The committee recommends the national cabinet be asked to harmonise and update Australian shield laws. However, it stops short of recommending that journalists’ privilege extend to police investigations. This leaves a gap in the law whereby police may access and use information that would be protected in court.
The committee justifies its approach to shield laws by reference to the public interest advocate. It seems the advocate is to bear the brunt of preserving the “balance” between public interest journalism and national security in intelligence or law enforcement investigations of the media.
This approach is a clear improvement on the present situation. But it remains the bare minimum. If adopted, Australia would still lag well behind our overseas partners in protecting press freedom and source confidentiality in the law enforcement context.
The first review of many
The PCJIS had been criticised from the outset for being an inappropriate body to undertake this inquiry. The shadow attorney-general and committee member, Mark Dreyfus, admitted its national security focus meant this committee was “only going to be able to look at part of the problem”.
Similar concerns regarding this government-controlled committee drove the Greens’ successful push for a parallel Senate inquiry into press freedom. Not only is the Senate inquiry yet to report, a number of other inquiries are on foot.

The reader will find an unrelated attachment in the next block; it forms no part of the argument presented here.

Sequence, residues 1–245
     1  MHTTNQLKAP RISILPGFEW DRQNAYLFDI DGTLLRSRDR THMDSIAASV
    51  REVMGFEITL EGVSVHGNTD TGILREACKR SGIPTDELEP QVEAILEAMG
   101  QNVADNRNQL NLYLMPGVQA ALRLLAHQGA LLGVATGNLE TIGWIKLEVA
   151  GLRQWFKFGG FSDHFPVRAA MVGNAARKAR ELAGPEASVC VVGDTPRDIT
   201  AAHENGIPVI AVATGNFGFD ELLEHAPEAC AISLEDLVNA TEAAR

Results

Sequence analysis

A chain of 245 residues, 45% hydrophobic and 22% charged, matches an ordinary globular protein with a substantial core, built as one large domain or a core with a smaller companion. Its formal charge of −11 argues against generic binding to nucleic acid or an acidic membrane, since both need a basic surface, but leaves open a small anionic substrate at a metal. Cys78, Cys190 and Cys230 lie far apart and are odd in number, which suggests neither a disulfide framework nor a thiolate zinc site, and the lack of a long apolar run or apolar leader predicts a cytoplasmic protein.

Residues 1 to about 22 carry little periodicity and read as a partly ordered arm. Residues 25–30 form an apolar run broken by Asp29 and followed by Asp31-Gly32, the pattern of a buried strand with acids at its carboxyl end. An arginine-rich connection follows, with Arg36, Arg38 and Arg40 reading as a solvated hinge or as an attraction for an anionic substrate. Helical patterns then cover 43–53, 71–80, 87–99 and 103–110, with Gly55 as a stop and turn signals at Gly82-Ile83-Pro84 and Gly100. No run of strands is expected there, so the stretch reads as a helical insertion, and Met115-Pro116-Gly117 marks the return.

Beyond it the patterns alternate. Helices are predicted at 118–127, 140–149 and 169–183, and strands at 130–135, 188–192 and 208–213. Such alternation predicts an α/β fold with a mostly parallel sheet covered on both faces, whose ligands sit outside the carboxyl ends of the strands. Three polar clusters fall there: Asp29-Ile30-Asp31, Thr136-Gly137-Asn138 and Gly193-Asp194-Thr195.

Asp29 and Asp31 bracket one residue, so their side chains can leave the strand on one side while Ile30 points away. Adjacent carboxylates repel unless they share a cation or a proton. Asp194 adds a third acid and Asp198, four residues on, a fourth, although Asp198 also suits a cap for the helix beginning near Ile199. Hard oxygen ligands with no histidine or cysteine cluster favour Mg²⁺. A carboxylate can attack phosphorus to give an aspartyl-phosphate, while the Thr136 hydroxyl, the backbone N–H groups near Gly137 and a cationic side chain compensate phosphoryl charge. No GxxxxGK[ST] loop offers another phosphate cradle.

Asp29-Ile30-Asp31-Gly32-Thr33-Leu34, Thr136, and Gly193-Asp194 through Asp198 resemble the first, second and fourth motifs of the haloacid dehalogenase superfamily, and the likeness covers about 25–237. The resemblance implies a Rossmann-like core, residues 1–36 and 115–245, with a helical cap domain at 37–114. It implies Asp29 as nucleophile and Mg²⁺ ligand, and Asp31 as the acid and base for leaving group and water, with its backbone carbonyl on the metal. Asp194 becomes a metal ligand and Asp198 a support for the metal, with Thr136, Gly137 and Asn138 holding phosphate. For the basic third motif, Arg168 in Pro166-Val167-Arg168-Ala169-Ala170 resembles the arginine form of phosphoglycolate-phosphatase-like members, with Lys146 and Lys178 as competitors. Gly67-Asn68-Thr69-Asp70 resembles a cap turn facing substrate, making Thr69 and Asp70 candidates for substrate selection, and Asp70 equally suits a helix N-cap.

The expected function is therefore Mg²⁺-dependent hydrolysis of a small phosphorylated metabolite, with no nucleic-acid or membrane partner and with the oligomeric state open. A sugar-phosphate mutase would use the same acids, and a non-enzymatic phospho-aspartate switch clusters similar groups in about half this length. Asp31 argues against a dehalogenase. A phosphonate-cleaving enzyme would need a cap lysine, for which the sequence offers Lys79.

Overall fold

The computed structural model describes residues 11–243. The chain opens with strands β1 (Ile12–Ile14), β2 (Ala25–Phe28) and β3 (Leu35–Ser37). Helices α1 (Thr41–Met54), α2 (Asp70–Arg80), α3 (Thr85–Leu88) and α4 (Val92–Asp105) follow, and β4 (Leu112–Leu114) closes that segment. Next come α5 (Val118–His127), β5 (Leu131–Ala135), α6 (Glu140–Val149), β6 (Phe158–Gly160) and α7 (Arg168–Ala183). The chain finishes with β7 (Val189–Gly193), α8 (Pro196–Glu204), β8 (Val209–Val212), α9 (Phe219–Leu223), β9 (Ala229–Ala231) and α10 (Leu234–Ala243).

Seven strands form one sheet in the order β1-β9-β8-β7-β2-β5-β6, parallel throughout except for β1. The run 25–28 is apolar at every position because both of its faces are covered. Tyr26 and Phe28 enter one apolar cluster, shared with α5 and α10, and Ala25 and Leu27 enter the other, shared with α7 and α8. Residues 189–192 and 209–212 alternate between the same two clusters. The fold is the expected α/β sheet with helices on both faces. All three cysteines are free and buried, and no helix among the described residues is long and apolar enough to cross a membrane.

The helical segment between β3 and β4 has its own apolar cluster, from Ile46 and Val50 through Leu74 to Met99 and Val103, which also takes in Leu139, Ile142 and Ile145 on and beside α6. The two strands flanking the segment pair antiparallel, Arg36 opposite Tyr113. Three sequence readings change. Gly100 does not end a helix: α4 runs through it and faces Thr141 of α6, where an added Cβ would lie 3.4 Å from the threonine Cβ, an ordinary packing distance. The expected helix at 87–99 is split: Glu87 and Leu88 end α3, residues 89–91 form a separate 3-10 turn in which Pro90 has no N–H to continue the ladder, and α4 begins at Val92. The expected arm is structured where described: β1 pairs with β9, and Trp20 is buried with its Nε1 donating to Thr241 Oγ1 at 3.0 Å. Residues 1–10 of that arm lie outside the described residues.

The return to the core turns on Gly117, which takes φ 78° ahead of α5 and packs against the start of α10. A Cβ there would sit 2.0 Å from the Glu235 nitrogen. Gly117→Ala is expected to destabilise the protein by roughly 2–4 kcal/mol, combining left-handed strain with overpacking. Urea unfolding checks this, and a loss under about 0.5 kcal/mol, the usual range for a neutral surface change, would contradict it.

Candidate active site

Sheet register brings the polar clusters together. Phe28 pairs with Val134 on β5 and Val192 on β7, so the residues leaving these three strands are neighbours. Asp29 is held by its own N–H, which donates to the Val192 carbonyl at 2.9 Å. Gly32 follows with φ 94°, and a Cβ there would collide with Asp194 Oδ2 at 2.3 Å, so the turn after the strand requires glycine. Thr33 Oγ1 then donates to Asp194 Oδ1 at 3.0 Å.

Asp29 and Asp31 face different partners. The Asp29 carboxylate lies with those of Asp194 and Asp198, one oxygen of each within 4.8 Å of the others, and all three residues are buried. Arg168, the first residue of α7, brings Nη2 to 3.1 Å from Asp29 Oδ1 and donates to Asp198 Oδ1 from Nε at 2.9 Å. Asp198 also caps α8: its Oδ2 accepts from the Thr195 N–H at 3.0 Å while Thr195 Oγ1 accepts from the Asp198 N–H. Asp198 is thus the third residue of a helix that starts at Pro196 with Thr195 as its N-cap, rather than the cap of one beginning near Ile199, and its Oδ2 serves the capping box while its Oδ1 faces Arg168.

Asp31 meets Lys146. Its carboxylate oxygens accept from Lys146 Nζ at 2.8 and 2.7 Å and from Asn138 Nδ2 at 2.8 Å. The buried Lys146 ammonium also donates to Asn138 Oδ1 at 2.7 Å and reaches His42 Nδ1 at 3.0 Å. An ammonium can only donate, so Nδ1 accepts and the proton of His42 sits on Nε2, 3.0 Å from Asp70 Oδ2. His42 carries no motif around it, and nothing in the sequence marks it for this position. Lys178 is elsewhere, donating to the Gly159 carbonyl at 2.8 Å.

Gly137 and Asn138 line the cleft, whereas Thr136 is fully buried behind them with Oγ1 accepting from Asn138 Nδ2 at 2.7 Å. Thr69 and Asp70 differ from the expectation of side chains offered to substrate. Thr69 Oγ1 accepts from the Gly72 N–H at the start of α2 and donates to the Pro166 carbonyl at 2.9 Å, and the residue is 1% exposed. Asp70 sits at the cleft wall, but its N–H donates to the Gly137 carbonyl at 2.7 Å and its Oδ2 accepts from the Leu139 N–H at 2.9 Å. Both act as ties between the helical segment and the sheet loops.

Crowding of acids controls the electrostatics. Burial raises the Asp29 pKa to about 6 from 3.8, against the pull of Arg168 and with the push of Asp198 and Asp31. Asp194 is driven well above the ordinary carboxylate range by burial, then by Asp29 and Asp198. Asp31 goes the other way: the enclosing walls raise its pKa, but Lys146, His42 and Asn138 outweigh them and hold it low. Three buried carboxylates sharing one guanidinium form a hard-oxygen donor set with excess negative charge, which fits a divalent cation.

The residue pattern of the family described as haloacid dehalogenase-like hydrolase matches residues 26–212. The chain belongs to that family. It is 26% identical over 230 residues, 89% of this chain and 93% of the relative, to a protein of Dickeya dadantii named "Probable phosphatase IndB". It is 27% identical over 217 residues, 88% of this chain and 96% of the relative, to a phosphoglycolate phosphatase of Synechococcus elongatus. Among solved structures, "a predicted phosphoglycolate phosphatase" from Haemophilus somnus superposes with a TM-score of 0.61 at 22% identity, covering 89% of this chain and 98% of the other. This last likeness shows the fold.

In addition, the committee report recommends fresh inquiries. For instance, the government is urged to consider extending limited defences to criminal prosecution for legitimate journalism, and the ongoing attorney-general’s review of secrecy offences is encouraged to consider impacts on public interest journalism.
Although press freedom is central to free speech, public accountability and the rule of law, in Australia this notion lacks the legal protections found in other liberal democracies. This has allowed legislation and police powers to encroach on press freedom by criminalising journalism and compromising source confidentiality. This is particularly the case in the national security field, where Australia has set itself apart by the sheer quantity and complexity of laws.
Reviewing that vast body of law for its impact on press freedom is a colossal undertaking. But it is critically important for the health of Australian democracy as well as for national security.
The PJCIS report has been the first word on how governmental transparency, accountability and protection for the public interest might be improved by supporting a free press within national security frameworks. It will certainly not be the last.